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016sm.JPG - 6Kb

32 Friarn Street Bridgwater Somerset TA6 3LH

An Ancient House

A Conservation and Restoration Project

Former Occupants

The property formed part of the Ancient Possessions of the Borough of Bridgwater. It is described in the Borough Records from 1836 onwards as "Messuage or dwellinghouse, and garden, containing half a burgage; bounded on the East with town land; on the West with late Crapp's land; on the North with the old vicarage garden, and on the South with Fryern Street; measuring in front 26 feet, at the back 26 feet, and in depth from North to South 112 feet."

It was conveyed out of the Borough ownership on 16 November 1972 to the Dyte family. Mr Colin Dyte conveyed the property to Dr Peter Cattermole on 30 April 1999.

Many of the documents relating to the legal activities of The Mayor, Aldermen & Burgesses of the Borough of Bridgwater from the thirteenth century onwards have survived, and are now housed in the Somerset Record Office. Amongst them is a bundle of leases of their property now known as 32 Friarn Street. The earliest lease is dated 1570, and refers to a former occupant. An abstract of these leases has been made and can be seen here.

Early occupants are described as husbandmen (farmers), but the fact that this is a burgage plot suggests that the occupants or leaseholders were not peasants but of higher status. Thomas Glasse (lessee from 1604 to after 1659) is recorded as contributing the large sum of 8/- to a tything in 1649, after the siege of Bridgwater by Fairfax. He is recorded as living in St Mary Street, and renting Jacobs land for which he was assessed 4s 6d.

All earlier leases were examined at the time Joseph Greenway (Merchant) took his lease (1711). This date is significant in the context of the discovery of panelling and other features of the Georgianisation. Joseph Greenway shares his surname with Thomas, a notable mason who worked in Bath for the Duke of Chandos. Chandos was responsible for much speculative building in Bridgwater. Further research into the possible connexions is proceeding.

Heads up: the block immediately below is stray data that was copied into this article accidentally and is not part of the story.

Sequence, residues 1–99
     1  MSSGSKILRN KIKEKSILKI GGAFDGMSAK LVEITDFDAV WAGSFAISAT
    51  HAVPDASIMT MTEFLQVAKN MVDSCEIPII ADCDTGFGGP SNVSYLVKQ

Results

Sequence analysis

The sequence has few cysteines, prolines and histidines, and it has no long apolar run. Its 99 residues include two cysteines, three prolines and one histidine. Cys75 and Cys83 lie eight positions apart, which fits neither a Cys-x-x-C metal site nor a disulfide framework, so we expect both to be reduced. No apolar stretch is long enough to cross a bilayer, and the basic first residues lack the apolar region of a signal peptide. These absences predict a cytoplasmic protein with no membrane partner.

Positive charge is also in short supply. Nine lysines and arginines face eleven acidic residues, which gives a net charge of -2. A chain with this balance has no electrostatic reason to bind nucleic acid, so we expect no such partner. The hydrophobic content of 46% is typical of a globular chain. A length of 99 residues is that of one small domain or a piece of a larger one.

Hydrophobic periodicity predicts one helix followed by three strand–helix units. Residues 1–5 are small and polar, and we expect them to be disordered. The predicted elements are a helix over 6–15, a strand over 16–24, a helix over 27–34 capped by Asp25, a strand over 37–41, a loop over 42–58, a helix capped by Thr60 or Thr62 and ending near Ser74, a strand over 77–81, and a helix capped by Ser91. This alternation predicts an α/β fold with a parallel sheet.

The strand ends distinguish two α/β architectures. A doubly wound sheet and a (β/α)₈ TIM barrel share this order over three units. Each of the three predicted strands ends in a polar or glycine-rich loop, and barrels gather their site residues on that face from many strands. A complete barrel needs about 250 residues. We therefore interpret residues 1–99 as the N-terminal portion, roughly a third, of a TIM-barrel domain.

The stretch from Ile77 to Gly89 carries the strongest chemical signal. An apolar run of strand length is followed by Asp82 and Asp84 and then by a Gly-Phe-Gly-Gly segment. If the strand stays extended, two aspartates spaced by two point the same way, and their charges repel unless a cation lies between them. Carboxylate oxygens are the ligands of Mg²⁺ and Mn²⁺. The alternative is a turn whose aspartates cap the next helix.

The Codrington family, who took the lease in 1733, were clearly rich and influential. They were responsible for the construction of Ivy House on the south side of Friarn Street, and Robert Codrington arranged the building of the first Bridgwater Iron Bridge.

Between circa 1861-81, 32 Friarn Street was occupied by a local photographer, Robert Gillo. At Messrs Tamlyn & Son's Auction in Bridgwater on 23 May 2000, Dr Cattermole bid successfully for an album of Robert Gillo's photographs (Lot 591). This Lot had come into the ownership of Squibbs of Bridgwater in 1916. The Album seems similar to Gillo's Pattern Books in the Somerset Studies Library, and shows pictures of Cheddar Cliffs.

In March 2000, some thin glass pieces were found behind the skirting in the south-west first floor room. Then in January 2002, further discoveries were made. In order to gain access for services and to make a structural examination of joist ends in the first floor north room, it became necessary to remove the overlying cross-placed floor (or plating), as has been completed elsewhere on the first floor. From the nature of the boarding, it was clear that the plating had taken place in late Victorian times or later. However, in this room, the boarding was very worn in parts, and scarfed repairs had been made. This wear had not been found elsewhere. Upon removal, the underlying boards were found in generally good order, though the floor was heavily bowed by up to 3" in the centre from the edge.
Below the top layer of boards in a concentrated area was found much paper debris, without rodent marks. This was carefully examined and found to consist of black cut strips, printed material, and little Trade Mark triangles bearing the letter Y round which was wound a serpent.
The printed slips of paper were readily identified as attributable to York & Son who held a lease on 32 Friarn Street and used the premises as a factory for the making of lantern slides.

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